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J Clin Oncol. 2007 Sep 1;25(25):3985-90.

Primary fallopian tube malignancies in BRCA-positive women undergoing surgery for ovarian cancer risk reduction.

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Division of Gynecologic Oncology, Department of Obstetrics and Gynecology, Brigham and Women's Hospital, Boston, MA 02115, USA.



To review the frequency and location of malignancies detected after prophylactic salpingo-oophorectomy in women with BRCA mutations.


Medical records and pathology findings were reviewed from BRCA-positive women undergoing prophylactic surgery for ovarian cancer risk reduction who underwent complete examination of the adnexa. Patients undergoing this procedure between January 1999 and January 2007 were identified.


From January 1999 to January 2007, 122 BRCA-positive patients underwent prophylactic surgery in the Division of Gynecologic Oncology at Brigham and Women's Hospital. The median age was 46.5 years (range, 33 to 76 years). Seven (5.7%) were found to have an early malignancy in the upper genital tract and all patients were age > or = 44 years at diagnosis. Of seven consecutive cancers culled between January 1999 and January 2007, all (100%) originated in the fimbrial or ampullary region of the tube; six had an early (intraepithelial) component. Two were associated with surface implants on the ovary and two required repeated sectioning to detect microscopic carcinomas in the fimbria.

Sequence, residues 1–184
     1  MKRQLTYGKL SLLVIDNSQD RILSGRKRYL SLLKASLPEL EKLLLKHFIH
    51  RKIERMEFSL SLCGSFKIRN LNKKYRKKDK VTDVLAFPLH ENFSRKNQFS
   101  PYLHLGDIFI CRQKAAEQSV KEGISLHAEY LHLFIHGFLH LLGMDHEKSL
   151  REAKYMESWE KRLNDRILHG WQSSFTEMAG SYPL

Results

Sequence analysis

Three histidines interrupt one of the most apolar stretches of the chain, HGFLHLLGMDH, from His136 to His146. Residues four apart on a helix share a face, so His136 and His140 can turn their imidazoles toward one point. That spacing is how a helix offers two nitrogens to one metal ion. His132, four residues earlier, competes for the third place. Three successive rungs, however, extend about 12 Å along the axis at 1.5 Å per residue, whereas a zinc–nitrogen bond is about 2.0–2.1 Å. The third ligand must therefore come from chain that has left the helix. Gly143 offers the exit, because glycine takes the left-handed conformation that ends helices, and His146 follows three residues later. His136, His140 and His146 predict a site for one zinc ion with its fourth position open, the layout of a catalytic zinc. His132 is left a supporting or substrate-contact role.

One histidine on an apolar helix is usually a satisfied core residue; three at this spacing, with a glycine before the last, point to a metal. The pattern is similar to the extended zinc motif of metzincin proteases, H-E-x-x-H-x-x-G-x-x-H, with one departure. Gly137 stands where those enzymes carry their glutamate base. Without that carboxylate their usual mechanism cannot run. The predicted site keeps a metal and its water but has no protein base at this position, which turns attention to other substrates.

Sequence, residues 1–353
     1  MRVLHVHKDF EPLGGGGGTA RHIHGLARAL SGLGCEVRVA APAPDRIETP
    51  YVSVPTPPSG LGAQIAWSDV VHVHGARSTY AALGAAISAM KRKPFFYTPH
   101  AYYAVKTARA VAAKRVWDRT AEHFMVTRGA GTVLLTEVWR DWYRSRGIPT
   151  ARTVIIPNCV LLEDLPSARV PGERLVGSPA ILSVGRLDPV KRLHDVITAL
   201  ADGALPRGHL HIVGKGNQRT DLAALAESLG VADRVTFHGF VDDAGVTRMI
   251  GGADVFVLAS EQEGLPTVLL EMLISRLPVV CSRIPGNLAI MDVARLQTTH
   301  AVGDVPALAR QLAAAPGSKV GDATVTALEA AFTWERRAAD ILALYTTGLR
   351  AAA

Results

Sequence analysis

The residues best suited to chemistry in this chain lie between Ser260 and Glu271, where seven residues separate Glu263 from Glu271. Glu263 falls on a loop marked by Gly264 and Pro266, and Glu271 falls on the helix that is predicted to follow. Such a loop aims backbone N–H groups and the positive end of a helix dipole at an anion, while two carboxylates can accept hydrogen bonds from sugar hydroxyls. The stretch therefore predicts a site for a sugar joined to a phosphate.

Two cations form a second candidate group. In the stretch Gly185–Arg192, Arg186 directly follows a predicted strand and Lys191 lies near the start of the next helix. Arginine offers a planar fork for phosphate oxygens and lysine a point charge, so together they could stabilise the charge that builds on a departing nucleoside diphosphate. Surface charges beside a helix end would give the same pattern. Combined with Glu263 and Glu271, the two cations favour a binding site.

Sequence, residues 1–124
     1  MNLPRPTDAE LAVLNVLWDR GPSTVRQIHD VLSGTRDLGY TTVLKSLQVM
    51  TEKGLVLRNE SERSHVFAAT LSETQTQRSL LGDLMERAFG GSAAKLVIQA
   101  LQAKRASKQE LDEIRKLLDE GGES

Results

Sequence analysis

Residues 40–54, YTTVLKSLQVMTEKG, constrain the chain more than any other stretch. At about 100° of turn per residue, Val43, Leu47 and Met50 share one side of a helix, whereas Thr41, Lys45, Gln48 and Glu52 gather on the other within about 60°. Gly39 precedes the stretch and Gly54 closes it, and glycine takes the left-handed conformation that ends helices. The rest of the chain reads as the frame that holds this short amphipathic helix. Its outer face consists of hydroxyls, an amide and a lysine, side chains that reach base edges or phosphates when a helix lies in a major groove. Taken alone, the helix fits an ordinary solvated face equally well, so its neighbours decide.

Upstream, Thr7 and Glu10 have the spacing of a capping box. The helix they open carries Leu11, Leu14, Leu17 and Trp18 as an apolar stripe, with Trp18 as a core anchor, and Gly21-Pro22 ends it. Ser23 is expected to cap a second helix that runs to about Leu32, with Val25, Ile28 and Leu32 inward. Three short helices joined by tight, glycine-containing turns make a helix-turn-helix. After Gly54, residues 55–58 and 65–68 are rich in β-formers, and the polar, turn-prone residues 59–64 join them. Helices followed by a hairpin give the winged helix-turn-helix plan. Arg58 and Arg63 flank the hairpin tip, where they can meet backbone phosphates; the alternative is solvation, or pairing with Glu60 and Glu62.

The distal fallopian tube seems to be the dominant site of origin for early malignancies detected in approximately 6% of women undergoing ovarian cancer risk-reduction surgery. The greatest proportion of serous cancer risk in BRCA mutation-positive women should be assigned to the fimbria rather than the ovary, and future clinical and research protocols should employ thorough examination of the fimbria, including multiple sections from each tissue block, to maximize detection of early malignancies in this population.

[Indexed for MEDLINE]

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